By: Meagan Shetler  Date: 12/21/2017 Category: | Animal Research | Animal Rights Extremism |


This word is sadly sort of new to us in the industry, but we need to take it seriously.

I truly believe we are making progress with the general public, but do I just think so because I have adopted this word as a way of living? I didn’t always. I used to avoid mentioning my work—only answering with a vague, “I work at the University,” when asked what I do. I bought into our industry’s common theme of not telling, not speaking, and not sharing. I let fear have control. Hiding and avoiding help no one.

I took a chance not too long ago, and I talked to the media. My co-workers feared for my life. They were convinced that the University had handed me a death sentence when they allowed the press into my dog playroom for a brief interview and the video was posted online. And after that, I got to write for them and tell the public even more about us. I told my co-workers it was an opportunity—an opportunity to make a small change for us, for the public, for the animals, and for the greater good for everyone, even if it was slightly risky for me. I also told them I truly believe that truth is always worth it. I told them I wasn’t letting fear be in charge anymore—especially with the not so often granted permission from the people in charge.

Beagle playing with kong.


What did happen was dialogue opened up. Granted it all happened on computer screens, but it happened all the same. People asked legitimate questions, raised legitimate concerns. I will grant “legitimate” to every concern—no matter how outlandish to us. To us it seems ridiculous, but we must remember that the public has only ever heard one side…the “animal rights” side, the extremist side, not the true side—not our side. It makes perfect sense for the public to be concerned about something about which they are lied to—shame on the scare tactics those groups use. It also makes perfect sense for the public to be concerned about something they are kept in the dark about—shame on us for not talking!

I was at a national laboratory organization meeting recently, and on my way to a session I was stopped by someone associated with this meeting and strongly encouraged to remove my identifying name badge as there were protestors present at the convention center. My first reaction was gladness actually: I was excited to have an opportunity to practice this transparency again! Unfortunately, they were gone by the time I arrived and my opportunity was missed. My disappointment was doubled by the fact that my own people told me to hide. It turns out that these “protestors” were kids with cardboard signs—the perfect forum, the perfect place to start—the minds of the young. Shame on us again for missing that chance; and I wish so badly I had been there just a little earlier.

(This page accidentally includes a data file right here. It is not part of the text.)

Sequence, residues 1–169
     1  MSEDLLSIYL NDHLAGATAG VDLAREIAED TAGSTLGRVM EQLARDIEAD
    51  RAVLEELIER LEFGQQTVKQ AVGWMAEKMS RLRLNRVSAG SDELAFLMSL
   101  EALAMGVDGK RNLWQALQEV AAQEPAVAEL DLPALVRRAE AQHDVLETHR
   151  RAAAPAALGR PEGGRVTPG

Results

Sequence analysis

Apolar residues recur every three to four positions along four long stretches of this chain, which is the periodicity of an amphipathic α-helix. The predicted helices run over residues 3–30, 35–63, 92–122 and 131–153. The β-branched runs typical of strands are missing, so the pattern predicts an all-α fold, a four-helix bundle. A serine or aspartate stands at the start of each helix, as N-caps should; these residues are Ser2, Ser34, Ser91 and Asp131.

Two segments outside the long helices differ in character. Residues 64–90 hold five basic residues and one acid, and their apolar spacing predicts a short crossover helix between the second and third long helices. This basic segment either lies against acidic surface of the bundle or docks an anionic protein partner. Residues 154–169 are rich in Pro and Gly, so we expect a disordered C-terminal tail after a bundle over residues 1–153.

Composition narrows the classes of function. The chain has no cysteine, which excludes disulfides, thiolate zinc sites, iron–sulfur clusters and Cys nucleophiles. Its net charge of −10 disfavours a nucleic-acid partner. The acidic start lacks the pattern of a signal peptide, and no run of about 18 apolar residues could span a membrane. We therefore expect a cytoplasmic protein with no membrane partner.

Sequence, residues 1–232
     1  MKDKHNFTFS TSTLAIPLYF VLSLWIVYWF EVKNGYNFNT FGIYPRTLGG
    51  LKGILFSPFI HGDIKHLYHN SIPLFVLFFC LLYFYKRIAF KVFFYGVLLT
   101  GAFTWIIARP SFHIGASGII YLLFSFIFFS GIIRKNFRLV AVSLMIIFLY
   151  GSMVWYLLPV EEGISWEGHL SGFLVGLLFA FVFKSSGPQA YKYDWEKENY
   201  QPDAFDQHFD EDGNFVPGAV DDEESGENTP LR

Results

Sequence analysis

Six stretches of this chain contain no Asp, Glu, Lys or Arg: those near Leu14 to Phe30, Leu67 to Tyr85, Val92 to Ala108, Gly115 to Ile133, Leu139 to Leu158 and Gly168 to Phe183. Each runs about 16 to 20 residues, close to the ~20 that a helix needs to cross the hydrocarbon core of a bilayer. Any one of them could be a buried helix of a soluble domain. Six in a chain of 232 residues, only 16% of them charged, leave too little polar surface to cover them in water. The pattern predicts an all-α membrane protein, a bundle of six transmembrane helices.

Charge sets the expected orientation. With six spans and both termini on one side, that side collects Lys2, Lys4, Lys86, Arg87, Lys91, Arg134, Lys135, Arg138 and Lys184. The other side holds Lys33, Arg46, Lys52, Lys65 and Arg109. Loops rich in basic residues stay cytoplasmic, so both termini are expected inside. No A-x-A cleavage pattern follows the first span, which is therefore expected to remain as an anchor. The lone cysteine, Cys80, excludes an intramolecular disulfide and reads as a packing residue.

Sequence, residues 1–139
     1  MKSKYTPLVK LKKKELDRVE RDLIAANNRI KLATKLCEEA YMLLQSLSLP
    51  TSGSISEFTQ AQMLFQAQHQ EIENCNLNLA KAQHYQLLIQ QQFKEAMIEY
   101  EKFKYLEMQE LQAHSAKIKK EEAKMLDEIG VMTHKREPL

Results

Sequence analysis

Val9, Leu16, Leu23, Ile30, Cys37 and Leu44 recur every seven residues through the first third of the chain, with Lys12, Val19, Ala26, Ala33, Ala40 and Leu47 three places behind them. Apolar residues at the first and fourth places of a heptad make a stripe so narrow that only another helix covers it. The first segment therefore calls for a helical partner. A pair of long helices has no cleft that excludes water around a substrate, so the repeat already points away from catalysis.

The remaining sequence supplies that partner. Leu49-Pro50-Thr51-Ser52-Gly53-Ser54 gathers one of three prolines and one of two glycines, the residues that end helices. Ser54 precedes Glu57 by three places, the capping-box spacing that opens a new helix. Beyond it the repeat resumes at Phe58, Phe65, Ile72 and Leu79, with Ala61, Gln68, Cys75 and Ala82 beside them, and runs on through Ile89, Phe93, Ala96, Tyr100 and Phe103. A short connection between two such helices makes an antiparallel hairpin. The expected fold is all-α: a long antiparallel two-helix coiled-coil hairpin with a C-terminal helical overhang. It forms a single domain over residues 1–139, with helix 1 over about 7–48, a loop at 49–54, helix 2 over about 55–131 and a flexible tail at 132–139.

At this same meeting I also met people whose facilities and leadership have banned them from speaking out—or speaking at all. People who work in this industry being restricted to absolute silence all around me was a frustrating experience. I wanted to follow them all back to work and tell their management that I spoke, that people heard it, and I’m still here! Our animals and our livelihoods are still safe, and the public we share our space with knows who we are, and knows that we care about what we are doing and what they want to know. I want everyone in our industry to understand that the fear that we hold onto as protection isn’t really protecting us at all, and only our truth can free us from its control. Our silence isn’t ok, and I don’t want to see any more of our community bound to it by anyone anymore.

Swiss Webster mice are currently invaluable in drug safety evaluations.


This word is the only key to changing opinions about what we do and why we are doing it. Our industry has got to get a good grasp on this word and how to use it. Talk. Listen. Respond. And when we respond, it must be honest and real. The truth and our ability to share it is the most powerful force we have to incite positive change. Those who have nothing to hide, hide nothing.

All photos courtesy of Americans for Medical Progress.

About The Author

Meagan Shetler's photo
Meagan Shetler - LATG
Meagan Shetler is a laboratory animal technician (LATG) with 12 years of experience in the husbandry side of the biomedical research industry. She is currently a supervisor of over 4 facilities, which include all USDA species. She was a licensed veterinary technician prior to entering this field, and has worked in rescue and foster for dogs, cats, and exotic pets, and she continues…

All Authors Of This Article: | Meagan Shetler |
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